Abstract: This paper investigates the impact of exchange rate shocks on sectoral activity and prices in the euro area. Using a VAR framework it provides evidence on the magnitude and speed of the impact of exchange rate shocks on activity in all main euro area sectors and on activity and producer prices in a large set of sub-sectors of industry (excluding construction). Substantial heterogeneity in the impact of exchange rate shocks across sectors is identified as regards both activity and prices. According to our results, among the main euro area sectors an exchange rate shock has the strongest impact on value added in industry (excl. construction) and trade and transportation services. Within industry (excl. construction), among its main sub-sectors all of the impact on production comes via manufacturing, while among the main industrial groupings (MIGs), capital and intermediate goods production respond most strongly. As regards the impact on prices, among the sub-sectors of industry (excl. construction), the impact is largest on producer prices in electricity, gas and water supply, and in line with this producer prices in MIG energy are most sensitive to an exchange rate shock. JEL Classification: C32, E31.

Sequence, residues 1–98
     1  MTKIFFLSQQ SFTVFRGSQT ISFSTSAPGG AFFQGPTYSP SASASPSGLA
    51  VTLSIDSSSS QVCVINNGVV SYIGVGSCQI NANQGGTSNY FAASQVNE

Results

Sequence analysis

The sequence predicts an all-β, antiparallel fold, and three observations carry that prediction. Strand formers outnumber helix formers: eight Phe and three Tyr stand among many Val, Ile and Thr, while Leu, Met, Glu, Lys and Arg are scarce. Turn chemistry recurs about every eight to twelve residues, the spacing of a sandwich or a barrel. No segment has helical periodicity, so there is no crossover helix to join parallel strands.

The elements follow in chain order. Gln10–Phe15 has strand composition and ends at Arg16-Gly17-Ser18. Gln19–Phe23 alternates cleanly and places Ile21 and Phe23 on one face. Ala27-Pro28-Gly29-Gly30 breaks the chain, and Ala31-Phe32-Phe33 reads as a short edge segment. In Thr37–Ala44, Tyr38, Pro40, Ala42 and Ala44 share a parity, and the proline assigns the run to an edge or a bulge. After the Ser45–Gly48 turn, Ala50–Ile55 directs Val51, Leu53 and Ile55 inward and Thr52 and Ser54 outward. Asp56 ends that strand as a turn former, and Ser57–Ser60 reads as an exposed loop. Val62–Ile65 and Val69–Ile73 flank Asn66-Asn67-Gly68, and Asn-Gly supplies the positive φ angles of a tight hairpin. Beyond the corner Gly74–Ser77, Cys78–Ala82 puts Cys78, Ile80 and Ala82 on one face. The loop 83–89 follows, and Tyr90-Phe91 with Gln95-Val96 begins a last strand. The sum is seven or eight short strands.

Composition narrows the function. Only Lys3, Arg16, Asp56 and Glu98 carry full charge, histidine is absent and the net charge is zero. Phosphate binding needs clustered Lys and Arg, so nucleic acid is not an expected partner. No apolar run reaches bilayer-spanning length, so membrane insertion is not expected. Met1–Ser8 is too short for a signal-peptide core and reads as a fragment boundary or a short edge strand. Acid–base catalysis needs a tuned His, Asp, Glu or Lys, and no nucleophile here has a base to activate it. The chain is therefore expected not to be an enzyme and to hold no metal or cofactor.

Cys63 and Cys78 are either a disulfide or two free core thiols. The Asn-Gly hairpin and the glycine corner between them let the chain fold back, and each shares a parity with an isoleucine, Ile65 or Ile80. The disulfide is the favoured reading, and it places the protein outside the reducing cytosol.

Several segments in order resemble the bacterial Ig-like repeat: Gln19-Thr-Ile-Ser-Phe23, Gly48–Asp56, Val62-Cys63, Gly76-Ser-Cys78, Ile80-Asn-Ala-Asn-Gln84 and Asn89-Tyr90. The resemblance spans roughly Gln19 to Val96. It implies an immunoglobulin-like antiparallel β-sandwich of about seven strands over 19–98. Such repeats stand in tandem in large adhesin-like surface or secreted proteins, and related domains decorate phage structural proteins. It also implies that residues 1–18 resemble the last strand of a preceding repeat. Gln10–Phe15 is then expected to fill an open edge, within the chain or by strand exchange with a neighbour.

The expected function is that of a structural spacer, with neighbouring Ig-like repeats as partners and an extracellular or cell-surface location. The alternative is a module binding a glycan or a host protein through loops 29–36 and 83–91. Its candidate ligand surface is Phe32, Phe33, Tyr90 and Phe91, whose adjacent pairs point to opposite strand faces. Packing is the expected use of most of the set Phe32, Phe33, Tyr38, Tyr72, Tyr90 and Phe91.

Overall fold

Keywords: Exchange Rate Pass-Through, Sectoral Activity and Prices, Euro area.
    Date: 2007–08
  11. By: Hans Genberg (Hong Kong Monetary Authority, Hong Kong Institute for Monetary Research)
    Abstract: Financial integration in East Asia is actively being pursued and will in due course lead to substantial mobility of capital between economies in the region. Plans for monetary cooperation as a prelude to monetary integration and ultimately monetary unification are also proposed. These plans often suggest that central banks should adopt some form of common exchange rate policy in the transition period towards full monetary union. This paper argues that this is a dangerous path in the context of highly integrated financial markets. An alternative approach is proposed where independent central banks coordinate their monetary policies through the adoption of common objectives and by building an appropriate institutional framework. When this coordination process has progressed to the point where interest rate developments are similar across the region, and if in the meantime the required institutional infrastructure has been build, the next step towards monetary unification can be taken among those central banks that so desire. The claim is that this transition path is likely to be robust and will limit the risk of currency crises.
    Date: 2006–11